Players enjoy using social media tools
Besides interacting with fans, Ellsbury follows current events
PHILADELPHIA -- It's not only the fans who benefit when baseball players dive into social media.
As the Bruins marched to a championship this month, Red Sox center fielder Jacoby Ellsbury wasn't in a position to watch one of the Stanely Cup Final games. So he took to Twitter and followed the action there.
"I was reading the game through my Twitter account. That was the only way I knew what was going on through people letting me know," Ellsbury said. "It works both ways."
Thursday marks the second annual Social Media Day, and some of the Red Sox's biggest names have made forays into the burgeoning world. Ellsbury, who has been tweeting since March with the handle @JacobyEllsbury, sees the site as a conduit between himself and the fans.
"Fans come out, support you, and without fans, there wouldn't be a game," the Sox's leadoff man said. "It's important to give back to the fans and let 'em know you appreciate them and cheer for you. Fans will let you know what they're up to, coming to the game congratulate you on different things, a win. ... I think it's just good to have that relationship with fans that come to the game to support you, support the team, support Red Sox Nation."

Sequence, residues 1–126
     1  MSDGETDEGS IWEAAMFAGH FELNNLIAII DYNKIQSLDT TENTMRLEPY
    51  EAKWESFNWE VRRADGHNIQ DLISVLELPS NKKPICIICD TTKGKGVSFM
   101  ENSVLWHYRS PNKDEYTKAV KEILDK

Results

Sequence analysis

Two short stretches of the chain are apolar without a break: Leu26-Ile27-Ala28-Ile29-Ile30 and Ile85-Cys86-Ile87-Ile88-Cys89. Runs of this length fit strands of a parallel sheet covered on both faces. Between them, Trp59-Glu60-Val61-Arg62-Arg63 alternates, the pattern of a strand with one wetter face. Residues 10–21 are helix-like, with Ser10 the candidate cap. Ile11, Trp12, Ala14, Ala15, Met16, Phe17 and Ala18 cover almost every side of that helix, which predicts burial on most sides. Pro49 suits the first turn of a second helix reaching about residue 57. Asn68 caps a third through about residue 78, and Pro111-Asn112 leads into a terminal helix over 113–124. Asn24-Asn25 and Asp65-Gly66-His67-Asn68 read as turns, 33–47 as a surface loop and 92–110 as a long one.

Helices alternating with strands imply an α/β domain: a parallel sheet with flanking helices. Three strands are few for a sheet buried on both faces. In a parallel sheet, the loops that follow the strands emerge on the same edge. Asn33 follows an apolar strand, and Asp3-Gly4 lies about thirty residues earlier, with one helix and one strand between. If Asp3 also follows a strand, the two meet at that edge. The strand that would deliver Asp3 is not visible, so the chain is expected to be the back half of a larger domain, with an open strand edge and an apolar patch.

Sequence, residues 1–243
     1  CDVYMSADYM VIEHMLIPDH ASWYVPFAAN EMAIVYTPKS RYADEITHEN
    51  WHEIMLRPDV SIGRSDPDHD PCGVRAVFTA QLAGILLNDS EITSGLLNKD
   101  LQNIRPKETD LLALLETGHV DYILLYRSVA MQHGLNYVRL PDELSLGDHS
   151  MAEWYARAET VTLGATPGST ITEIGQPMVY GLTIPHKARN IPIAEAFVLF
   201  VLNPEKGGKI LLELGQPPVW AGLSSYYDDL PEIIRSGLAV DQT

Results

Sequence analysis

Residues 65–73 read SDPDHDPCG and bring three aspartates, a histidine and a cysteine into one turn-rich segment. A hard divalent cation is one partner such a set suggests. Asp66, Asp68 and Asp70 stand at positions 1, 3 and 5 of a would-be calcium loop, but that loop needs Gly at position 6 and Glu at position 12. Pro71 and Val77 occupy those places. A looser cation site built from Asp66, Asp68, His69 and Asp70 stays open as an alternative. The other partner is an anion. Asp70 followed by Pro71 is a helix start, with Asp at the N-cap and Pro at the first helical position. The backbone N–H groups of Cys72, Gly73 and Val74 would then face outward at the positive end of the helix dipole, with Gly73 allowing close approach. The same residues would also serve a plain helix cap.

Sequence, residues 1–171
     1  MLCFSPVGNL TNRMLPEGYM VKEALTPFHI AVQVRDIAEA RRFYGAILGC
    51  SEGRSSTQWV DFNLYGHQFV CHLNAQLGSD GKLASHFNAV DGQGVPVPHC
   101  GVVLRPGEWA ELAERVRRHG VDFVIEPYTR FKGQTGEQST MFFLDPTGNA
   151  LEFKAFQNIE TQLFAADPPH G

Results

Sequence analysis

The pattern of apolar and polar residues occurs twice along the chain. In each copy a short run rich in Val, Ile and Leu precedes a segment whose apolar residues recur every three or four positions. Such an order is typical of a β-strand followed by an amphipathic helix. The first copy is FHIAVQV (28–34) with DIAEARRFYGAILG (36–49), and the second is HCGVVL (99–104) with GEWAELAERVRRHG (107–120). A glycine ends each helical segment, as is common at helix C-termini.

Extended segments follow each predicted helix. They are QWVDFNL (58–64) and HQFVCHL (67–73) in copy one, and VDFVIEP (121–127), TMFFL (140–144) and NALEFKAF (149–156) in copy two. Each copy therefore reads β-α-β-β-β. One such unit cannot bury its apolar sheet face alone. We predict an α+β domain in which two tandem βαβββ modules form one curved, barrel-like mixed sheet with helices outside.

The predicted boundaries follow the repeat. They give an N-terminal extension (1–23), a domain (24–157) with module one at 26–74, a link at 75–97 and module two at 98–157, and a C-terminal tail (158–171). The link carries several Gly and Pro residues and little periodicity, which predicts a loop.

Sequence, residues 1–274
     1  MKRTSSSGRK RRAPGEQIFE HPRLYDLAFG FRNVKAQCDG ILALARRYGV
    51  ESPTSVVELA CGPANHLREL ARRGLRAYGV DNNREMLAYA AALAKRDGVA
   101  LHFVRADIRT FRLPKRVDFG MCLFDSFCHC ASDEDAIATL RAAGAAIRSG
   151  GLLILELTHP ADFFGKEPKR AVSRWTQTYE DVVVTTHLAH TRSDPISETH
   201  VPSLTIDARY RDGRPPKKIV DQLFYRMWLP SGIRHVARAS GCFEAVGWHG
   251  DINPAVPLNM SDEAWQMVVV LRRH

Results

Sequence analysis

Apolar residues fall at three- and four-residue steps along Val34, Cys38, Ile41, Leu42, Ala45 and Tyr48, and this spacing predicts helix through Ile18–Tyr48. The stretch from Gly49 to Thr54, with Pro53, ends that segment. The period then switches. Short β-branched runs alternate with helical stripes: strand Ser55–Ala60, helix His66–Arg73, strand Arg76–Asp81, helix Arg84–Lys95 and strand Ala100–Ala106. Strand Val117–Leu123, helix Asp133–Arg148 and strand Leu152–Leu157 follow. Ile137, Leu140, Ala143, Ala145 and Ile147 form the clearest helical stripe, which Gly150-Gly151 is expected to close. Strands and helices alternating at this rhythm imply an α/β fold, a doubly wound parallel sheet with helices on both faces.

Ellsbury's teammates Carl Crawford (@CarlCrawford_), David Ortiz (@davidortiz) and Jon Lester (@JLester31) also tweet. Some players have a team approach with tweeting, with some of their representatives also assisting in the effort.
It was through Lester's management at SFX Baseball that he was put in touch with video game developers who wanted the left-hander to contribute not only his name, but his motion to a mobile game. Tweeting is one thing, but gaming takes social media to a new level.
"I guess they were just fans of baseball and called my agent and they asked me if I'd be interested in doing it. Really, at first I wasn't," Lester said. "I'm not a very big video game guy. But meeting the guys, talking to them, they're good guys. That was kind of the interest behind it, being able to work with good people on something. As it went along, I got more interested in it, and it was kind of a cool deal."
The final product, "Hardball Ace," is out now and lets users simulate facing Lester. The experience was a fun one, Lester said, but it hasn't given him a desire to tweet daily, like some baseball stars.
"That stuff is cool, as far as the interaction with fans," Lester said of Twitter. "But as far as me getting on there every day and tweeting about heading to the ballpark, I don't really do it."